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New Service Highlights Cellphone Privacy Issues

by Michael Dean Thompson

Corporations have turned cellphones into mobile snooping devices that monetize consumer habits and daily activity. A new service, Pretty Good Phone Privacy (“PGPP”), addresses some of the privacy concerns built into the cellular system.

The problem comes down to the architecture of the cellular networks, which were not designed with privacy in mind. Buried within the SIM card is an Internal Mobile Subscriber Identifier (“IMSI”), a globally unique code. The IMSI is used for many things, especially payment status. Essentially, the IMSI ties the device to the person.

Just about every second or so, your phone “pings” the nearby towers to discover which has the strongest signal, as well as which receives its signal best. Those pings carry the phone’s IMSI and generate a record that can be used to provide a rough triangulation of the phone’s location. While not as accurate as a GPS signal, it has found significant use by police who wish to establish the phone owner’s presence. The tower information is used by the carriers to route calls to and from the phone, as well as data requests. The carrier can tie the phone to a location when phone calls and text messages were sent and received, as well as plaintext data such as web searches and email, much of which are logged. Location data can reveal things about a user that corporations have no need to know, including political associations, habits, and religion. Far too much can all be extracted by drilling into cell tower affiliations and the IMSI.

Just as new technologies such as cellphones stepped forward to strip away any real sense of privacy, another set of technologies has come forward to guard it. Many of these tools have been around for ages, others are only just starting to mature. Secure tunneling, which is also known as a Virtual Private Network (“VPN”), allows a user to tunnel their data through an encrypted network connection. All the primary service provider sees is the device connecting to the VPN provider. At the endpoint of the VPN, however, the user is still susceptible to the VPN provider’s logging as well as the data the apps loaded on the device have collected and shared.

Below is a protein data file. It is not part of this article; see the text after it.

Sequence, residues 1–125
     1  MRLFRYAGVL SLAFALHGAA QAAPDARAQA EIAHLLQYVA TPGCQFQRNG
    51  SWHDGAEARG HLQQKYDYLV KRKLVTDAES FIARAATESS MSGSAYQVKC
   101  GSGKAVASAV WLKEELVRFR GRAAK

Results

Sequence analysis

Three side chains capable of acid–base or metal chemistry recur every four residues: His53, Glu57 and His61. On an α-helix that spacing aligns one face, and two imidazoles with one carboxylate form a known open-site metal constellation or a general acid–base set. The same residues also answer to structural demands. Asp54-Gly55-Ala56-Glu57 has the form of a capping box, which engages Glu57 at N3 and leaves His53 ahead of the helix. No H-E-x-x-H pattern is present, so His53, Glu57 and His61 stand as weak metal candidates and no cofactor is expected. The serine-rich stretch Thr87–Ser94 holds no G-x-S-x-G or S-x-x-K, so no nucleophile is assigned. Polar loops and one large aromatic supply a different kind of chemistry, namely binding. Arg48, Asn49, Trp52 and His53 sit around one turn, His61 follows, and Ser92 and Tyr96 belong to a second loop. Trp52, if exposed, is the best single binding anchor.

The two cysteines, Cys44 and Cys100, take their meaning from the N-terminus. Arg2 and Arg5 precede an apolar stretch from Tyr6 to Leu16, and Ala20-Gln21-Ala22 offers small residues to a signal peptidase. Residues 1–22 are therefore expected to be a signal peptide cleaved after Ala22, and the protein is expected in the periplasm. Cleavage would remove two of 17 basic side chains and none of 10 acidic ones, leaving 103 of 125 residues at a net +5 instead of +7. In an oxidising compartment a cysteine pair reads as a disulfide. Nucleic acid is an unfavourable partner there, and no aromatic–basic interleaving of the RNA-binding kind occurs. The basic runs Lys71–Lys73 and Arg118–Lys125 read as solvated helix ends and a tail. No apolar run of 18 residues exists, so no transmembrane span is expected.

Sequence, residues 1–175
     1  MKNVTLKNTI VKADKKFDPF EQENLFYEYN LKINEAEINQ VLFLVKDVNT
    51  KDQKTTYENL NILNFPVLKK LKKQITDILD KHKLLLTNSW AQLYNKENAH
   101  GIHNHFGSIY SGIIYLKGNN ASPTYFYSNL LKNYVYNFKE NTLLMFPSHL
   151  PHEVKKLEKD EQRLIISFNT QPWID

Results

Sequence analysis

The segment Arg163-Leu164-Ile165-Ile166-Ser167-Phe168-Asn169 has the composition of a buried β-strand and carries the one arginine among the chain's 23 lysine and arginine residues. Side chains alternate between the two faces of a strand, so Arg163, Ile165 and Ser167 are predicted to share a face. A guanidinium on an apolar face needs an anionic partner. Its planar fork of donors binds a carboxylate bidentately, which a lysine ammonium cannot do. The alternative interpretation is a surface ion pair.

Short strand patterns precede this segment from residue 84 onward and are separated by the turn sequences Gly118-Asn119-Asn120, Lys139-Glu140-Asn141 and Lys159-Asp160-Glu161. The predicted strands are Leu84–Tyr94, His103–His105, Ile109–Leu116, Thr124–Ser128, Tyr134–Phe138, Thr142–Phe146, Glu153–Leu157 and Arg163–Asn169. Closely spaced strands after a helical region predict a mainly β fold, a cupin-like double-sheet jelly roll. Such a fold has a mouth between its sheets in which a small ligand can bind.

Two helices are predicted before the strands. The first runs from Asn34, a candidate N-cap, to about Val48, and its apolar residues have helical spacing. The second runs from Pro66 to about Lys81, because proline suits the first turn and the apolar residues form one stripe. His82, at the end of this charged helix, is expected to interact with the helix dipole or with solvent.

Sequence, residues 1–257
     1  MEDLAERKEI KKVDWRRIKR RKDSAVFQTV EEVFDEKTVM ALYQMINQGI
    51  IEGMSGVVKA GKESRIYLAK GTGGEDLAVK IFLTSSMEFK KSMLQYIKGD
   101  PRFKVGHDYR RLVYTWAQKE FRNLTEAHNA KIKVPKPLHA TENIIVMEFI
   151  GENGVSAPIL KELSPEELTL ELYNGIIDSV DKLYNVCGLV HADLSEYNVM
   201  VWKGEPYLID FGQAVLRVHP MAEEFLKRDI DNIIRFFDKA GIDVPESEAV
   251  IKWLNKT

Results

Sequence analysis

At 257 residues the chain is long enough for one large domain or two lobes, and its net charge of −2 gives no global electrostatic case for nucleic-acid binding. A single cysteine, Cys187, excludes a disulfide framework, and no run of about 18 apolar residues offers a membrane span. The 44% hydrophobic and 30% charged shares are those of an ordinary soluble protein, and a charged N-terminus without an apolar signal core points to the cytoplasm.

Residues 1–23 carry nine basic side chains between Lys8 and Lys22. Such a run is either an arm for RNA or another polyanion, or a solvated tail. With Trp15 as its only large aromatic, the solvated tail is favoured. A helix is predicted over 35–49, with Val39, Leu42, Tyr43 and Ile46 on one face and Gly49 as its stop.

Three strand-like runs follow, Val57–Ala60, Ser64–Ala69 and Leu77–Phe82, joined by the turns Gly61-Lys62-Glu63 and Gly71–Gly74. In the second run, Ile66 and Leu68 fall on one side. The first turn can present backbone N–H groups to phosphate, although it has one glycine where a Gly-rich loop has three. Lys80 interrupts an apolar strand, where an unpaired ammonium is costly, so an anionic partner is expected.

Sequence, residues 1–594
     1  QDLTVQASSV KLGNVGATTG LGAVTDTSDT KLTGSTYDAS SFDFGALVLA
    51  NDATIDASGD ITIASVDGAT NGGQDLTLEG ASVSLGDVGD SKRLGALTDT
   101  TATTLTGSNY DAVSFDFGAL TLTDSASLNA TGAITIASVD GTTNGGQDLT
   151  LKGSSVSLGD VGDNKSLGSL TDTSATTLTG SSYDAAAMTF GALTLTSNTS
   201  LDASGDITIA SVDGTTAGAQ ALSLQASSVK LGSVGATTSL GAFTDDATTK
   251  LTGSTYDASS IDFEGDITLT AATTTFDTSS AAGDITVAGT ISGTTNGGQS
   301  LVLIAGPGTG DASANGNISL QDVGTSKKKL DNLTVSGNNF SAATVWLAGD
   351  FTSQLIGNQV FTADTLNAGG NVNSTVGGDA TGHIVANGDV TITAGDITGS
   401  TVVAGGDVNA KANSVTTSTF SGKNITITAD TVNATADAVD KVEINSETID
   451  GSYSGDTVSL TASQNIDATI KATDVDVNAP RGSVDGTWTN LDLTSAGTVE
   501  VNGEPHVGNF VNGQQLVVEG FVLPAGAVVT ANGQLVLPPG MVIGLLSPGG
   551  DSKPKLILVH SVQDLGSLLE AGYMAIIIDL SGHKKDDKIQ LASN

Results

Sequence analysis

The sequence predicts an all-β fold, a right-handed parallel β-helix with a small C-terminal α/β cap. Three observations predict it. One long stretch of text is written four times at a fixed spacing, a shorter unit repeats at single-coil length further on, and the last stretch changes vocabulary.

A newer privacy technology is the blind signature. When an author of an email or document wishes to state unequivocally that its contents are authentic, they can cryptographically sign the document while leaving it legible to anyone who wishes to read it. Should anyone alter the document, the signature would fail to authenticate. Unlike previous signature systems, blind signatures perform the same function but without the signatory’s identity embedded. Likewise, a zero-knowledge proof allows two people to communicate encrypted private data without needing to share their identities.

PGPP brings together some of these new and old privacy tools to sequester data transmissions. While PGPP can randomize the IMSI, traditional voice calls remain vulnerable to snooping. Nevertheless, with PGPP, a user can browse the web or send messages without PGPP knowing anything about the communication’s contents. For this reason, the tower operator cannot build information on the user. Neither can anyone demand information PGPP does not have. There is simply no way to consistently tie a user to the phone. As the ACLU said, “It cannot be sold, leaked, or hacked, let alone offered to overreaching law enforcement.” Unfortunately, PGPP will not work on iPhones, though Apple could fix that if they desired to do so.

There is a constant battle for your private data. In an age when predictive analytics can choose the song you want to hear next or the words you are most likely to type in your web search or text, and when advertisers can hyper-target 150 people from billions of users based on their specific preferences, we have to demand more privacy from the corporations who build our devices and provide the services upon which those devices rely. PGPP is a giant step in that direction, though still incomplete because privacy was ignored by those who designed the architecture all cellphones must use.   

Source: ACLU.org

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